Native Americans known to have inhabited Montana at the time Europeans first explored it included the Blackfoot, the Sioux, the Shoshone, the Arapaho, the Kootenai, the Cheyenne, the Salish, and others. Exploration of the region began in earnest after most of Montana had passed to the United States under the Louisiana Purchase (1803). The Lewis and Clark expedition traveled westward across Montana in 1805, and François Antoine Laroque, along with his North West Company of Canada, explored the Yellowstone River after 1805.
The area's rivers were important avenues of travel for the native inhabitants as well as the early explorers of the country; the first trading post in Montana was established at the mouth of the Bighorn in 1807 by a trading expedition that Manuel Lisa led up the Missouri from St. Louis. For some years thereafter both Canadian and American fur traders continued to open up the territory. David Thompson of the North West Company built several trading posts in NW Montana between 1807 and 1812, and beaver in the mountain streams and lakes attracted adventurous trappers, the so-called mountain men. The American Fur Company, with its posts on the Missouri and the Yellowstone, dominated the later years of the region's fur trade, which diminished in the 1840s.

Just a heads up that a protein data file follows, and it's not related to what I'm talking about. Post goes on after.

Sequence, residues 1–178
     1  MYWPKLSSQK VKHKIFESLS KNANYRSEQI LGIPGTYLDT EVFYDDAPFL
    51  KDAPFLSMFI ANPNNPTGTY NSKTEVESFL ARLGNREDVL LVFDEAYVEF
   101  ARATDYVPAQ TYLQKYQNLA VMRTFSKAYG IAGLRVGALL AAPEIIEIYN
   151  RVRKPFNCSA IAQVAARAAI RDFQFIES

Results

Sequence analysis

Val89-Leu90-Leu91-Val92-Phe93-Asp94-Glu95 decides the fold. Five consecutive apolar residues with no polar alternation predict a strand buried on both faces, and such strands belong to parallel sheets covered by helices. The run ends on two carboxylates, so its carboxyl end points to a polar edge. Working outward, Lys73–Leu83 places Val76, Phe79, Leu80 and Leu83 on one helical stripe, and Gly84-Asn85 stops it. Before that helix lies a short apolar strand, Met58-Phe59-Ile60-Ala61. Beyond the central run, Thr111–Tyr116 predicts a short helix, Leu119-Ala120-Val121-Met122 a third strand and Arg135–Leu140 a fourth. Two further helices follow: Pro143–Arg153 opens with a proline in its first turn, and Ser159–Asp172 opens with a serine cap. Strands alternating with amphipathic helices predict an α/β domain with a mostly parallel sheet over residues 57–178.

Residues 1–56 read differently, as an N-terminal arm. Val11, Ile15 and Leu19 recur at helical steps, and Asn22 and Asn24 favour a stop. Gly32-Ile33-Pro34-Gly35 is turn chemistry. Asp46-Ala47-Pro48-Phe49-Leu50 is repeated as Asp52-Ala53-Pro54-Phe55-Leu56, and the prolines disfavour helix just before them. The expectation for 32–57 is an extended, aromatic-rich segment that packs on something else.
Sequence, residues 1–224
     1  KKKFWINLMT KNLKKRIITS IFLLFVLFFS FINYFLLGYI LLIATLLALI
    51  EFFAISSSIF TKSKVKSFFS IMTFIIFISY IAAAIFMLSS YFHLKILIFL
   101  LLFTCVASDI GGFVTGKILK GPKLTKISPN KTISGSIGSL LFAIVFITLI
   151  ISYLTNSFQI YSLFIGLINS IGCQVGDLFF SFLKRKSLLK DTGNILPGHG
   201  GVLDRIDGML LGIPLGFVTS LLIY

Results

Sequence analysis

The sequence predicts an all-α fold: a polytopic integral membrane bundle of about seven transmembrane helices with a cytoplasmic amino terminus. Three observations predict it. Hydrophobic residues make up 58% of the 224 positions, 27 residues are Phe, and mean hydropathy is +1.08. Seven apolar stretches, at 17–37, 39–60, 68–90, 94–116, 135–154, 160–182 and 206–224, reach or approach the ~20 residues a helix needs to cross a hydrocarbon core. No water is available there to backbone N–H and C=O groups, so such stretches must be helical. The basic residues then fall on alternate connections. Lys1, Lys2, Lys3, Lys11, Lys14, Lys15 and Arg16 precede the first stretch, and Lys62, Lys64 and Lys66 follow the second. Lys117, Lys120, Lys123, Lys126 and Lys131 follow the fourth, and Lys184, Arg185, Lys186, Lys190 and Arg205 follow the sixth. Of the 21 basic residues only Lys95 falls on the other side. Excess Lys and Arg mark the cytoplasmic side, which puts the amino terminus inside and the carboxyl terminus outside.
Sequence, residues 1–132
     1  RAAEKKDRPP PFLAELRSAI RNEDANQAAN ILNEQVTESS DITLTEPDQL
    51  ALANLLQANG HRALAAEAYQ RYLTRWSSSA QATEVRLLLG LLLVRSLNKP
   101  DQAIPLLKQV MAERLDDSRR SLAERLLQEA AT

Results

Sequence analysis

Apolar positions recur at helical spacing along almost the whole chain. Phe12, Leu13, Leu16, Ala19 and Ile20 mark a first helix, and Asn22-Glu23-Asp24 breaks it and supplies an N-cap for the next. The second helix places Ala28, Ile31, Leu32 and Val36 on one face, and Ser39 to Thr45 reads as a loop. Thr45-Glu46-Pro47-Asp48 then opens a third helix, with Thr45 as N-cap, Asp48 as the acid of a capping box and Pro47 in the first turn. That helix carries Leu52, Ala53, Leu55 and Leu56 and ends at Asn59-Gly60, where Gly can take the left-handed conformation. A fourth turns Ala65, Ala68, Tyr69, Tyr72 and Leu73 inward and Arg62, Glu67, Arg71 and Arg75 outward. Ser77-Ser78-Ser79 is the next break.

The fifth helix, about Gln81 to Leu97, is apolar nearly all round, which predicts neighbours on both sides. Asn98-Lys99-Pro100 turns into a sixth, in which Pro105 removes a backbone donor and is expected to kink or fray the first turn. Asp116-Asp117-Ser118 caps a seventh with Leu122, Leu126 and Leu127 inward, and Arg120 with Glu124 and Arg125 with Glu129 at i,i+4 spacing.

The U.S. claim to NW Montana, the area between the Rockies and the N Idaho border, was validated in the Oregon Treaty of 1846 with the British. Montana was then still a wilderness of forest and grass, with a few trading posts and some missions. Montana's first period of growth was the rapid, boisterous, and unstable expansion brought on by a gold rush. The discovery of gold, made initially in 1852, brought many people to mushrooming mining camps such as those at Bannack (1862) and Virginia City (1864). Crude shantytowns were built, complete with saloons and dance halls—ephemeral settlements as colorful as the earlier gold-rush camps in California and perhaps even more lawless.
Territorial Status, Sioux Resistance, and Statehood